Tuesday, January 31, 2023
Jan. 31, 2023

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Khichidi is nutritious, easy Indian comfort food


Lentils and rice and veggies and spice.

Funny how rhymes occur naturally when your belly is full and warm and happy. Also funny: how there are different kinds of full.

When I’m full of say, giant, bacon-slathered hamburger, I don’t generally feel this wonderful. Or energetic. Or healthy. Nothing against bacon-slathered hamburgers – all things in moderation, after all – but “research” for the Orlando Sentinel Foodie Awards is not a moderate undertaking.

For the second March in a row, I’m coming in like a lion – full of meat. Fortunately, March is National Nutrition Month, and I’m looking to purge the wings and tacos and barbecue and go out like a lamb on lentils.

That’s where Hari Pulapaka and his book, “Dreaming in Spice: A Sinfully Vegetarian Odyssey,” come in.

Pulapaka is a jack of all trades to be sure – associate professor of mathematics at Stetson University, founder/co-owner of Cress Restaurant in Deland, multiple James Beard Award nominee and founder and CEO at Global Cooking School – and though he strayed from his vegetarian roots not long after moving to the States from his native Mumbai, he’s found his way back with a tome featuring some 251 globally inspired recipes.

Many are simple – like the one I landed on for my first foray back to this cooking column: khichidi.

Pronounced with the same cadence as “chickadee,” khichidi (also khichdi, kichidi) has been a staple in Indian cuisine for centuries.

“It’s modest, nutritious, protein-dense and savory,” says Pulapaka of the dish. “In fact, often in many households, it’s the first type of solid food that a baby would eat, as it is savory and relatively soft in texture without garnishes.”

Khichidi’s two staples: grain and legume. Any two could form the foundation of the dish, he says, but the book’s version is decidedly Indian: lentils and rice.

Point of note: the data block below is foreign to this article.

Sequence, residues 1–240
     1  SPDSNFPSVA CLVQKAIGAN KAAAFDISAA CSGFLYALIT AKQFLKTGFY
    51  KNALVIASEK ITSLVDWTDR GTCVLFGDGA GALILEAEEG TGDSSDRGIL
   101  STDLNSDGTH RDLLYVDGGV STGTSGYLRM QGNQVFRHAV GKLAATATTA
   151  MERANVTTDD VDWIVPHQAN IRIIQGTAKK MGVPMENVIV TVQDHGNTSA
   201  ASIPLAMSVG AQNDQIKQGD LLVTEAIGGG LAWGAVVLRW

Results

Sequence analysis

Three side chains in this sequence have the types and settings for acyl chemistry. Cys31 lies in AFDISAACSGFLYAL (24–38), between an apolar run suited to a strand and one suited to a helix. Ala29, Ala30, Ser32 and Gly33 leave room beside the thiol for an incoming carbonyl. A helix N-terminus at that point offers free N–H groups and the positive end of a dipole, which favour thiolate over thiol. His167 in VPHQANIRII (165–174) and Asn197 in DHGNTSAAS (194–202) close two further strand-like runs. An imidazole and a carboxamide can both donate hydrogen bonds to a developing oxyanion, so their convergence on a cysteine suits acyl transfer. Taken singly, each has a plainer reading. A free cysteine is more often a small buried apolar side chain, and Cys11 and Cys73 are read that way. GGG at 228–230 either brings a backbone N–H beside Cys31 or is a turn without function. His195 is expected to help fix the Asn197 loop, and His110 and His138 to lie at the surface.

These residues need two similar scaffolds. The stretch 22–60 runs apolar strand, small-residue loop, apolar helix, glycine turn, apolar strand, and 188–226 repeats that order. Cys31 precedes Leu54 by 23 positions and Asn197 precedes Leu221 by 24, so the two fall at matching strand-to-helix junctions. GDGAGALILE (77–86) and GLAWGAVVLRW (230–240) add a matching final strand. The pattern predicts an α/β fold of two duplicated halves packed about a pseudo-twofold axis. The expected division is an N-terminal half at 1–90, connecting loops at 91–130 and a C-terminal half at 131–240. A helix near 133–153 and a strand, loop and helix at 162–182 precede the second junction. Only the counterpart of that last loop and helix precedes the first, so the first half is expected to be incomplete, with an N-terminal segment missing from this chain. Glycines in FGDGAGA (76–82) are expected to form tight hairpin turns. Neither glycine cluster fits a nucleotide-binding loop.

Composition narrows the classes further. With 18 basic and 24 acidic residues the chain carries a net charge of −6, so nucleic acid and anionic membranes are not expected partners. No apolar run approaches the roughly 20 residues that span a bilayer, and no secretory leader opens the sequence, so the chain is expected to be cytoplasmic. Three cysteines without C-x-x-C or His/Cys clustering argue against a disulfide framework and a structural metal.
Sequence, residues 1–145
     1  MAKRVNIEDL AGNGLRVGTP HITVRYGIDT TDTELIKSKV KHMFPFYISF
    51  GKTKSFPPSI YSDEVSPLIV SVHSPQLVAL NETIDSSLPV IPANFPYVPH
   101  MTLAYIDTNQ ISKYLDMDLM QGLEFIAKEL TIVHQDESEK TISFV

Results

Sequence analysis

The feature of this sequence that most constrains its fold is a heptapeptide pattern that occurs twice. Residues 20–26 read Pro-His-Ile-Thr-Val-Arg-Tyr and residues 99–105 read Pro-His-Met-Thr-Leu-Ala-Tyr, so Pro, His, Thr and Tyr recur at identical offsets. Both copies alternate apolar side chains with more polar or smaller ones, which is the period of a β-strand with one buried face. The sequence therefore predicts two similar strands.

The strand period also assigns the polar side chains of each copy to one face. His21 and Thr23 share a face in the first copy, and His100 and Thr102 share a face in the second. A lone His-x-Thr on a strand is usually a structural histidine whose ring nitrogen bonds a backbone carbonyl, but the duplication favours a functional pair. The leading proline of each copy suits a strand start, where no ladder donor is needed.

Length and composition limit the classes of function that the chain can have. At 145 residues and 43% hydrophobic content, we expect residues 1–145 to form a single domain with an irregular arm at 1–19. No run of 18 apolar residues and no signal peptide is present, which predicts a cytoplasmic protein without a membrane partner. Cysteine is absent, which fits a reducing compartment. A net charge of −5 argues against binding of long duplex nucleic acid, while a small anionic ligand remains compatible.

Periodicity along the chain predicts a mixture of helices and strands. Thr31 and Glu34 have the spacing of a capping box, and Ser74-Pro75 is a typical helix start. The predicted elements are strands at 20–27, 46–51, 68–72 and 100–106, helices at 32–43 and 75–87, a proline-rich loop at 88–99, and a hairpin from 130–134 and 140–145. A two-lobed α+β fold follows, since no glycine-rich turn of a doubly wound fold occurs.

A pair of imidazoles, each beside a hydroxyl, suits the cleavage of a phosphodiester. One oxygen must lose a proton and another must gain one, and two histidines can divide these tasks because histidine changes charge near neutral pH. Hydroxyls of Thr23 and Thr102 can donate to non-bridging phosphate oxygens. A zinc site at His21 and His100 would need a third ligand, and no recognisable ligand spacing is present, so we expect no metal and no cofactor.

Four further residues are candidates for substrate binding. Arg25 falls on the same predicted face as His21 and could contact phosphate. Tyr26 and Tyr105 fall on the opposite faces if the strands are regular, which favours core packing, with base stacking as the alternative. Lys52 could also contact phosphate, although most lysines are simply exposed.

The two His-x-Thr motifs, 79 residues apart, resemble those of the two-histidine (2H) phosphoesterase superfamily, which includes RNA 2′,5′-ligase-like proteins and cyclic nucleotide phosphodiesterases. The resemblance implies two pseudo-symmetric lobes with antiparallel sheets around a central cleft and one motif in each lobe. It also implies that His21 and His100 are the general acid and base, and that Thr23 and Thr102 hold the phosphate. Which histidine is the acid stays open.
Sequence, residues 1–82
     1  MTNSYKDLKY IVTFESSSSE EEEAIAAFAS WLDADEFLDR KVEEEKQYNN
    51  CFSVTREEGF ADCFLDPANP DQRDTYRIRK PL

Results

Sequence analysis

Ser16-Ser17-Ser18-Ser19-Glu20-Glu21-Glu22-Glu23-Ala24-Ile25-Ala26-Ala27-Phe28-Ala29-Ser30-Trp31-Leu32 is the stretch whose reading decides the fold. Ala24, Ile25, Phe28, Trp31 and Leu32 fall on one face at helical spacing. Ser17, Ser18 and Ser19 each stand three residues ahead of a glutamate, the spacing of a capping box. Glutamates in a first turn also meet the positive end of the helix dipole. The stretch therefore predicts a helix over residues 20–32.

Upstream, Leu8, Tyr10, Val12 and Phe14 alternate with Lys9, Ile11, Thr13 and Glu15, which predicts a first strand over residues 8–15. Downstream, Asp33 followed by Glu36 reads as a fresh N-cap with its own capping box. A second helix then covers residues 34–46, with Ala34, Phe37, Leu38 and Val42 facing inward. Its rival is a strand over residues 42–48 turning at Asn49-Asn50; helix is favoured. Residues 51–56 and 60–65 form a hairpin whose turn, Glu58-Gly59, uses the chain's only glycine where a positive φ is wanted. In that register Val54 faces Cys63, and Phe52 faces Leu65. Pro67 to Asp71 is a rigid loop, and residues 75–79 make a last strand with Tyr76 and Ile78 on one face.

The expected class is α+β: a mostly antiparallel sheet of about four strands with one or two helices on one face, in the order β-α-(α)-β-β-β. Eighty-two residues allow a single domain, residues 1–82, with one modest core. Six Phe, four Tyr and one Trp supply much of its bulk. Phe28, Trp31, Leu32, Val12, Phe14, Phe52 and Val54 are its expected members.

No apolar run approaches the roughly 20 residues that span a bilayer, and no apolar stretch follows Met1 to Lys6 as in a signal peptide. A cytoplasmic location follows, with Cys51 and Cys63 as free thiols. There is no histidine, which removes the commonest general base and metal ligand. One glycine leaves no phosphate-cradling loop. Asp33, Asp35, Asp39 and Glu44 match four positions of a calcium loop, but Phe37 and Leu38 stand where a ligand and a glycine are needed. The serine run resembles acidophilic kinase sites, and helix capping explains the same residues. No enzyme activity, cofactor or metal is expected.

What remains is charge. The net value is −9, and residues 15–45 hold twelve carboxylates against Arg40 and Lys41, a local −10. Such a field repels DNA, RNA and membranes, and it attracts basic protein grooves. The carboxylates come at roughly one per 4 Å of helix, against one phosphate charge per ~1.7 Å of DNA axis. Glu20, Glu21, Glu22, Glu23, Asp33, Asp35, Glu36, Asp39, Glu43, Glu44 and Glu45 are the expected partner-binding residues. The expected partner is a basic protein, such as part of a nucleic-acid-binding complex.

Khichidi is versatile, but this recipe – among the book’s most basic – is a delight to cook (hello, one pot and done in less than an hour!), fuss-free, aromatic and ideal to warm up your belly.


Serves 4. Recipe from “Dreaming in Spice: A Sinfully Vegetarian Odyssey,” by Hari Pulapaka

1 small onion, diced

1/2 cup carrots, diced

1/4 cup edamame or green peas

1-inch piece ginger, minced

2 green chilies or 1 jalapeño, minced

1/2 cup cremini mushrooms, chopped

1 bay leaf

1 teaspoon turmeric

1 cup green, brown or red lentils — rinsed and drained

4 cups vegetable stock

1 cup rice, rinsed several times and soaked

1 teaspoon whole black peppercorns

1 teaspoon cumin seed

1/2 teaspoon cayenne or red chili powder

Pinch of ground asafoetida (substitute: onion and garlic powders)

Salt and pepper, in stages and to taste

Suggested: fresh curry leaves, generally available at Indian markets

Season with salt, add lentils and turmeric. Cook about 15 minutes more, stirring frequently.

Add rice and edamame, stir well, season with salt, then add stock. Taste to ensure it is seasoned to your liking. Cover pot reduce heat — low to medium — and cook 20 minutes.

Open lid once at the end to ensure lentils are cooked.

This is the tadka, or tempering, stage: heat some oil in small pan over medium-high heat. Once hot, add peppercorns, cayenne, asafoetida, cumin seeds and curry leaves. Fry about 15 seconds. Pour everything, including infused oil, over the rice and lentils. Gently mix.

Serve with a wedge of lime and cilantro garnish. A dollop of yogurt is a nice optional add, as well.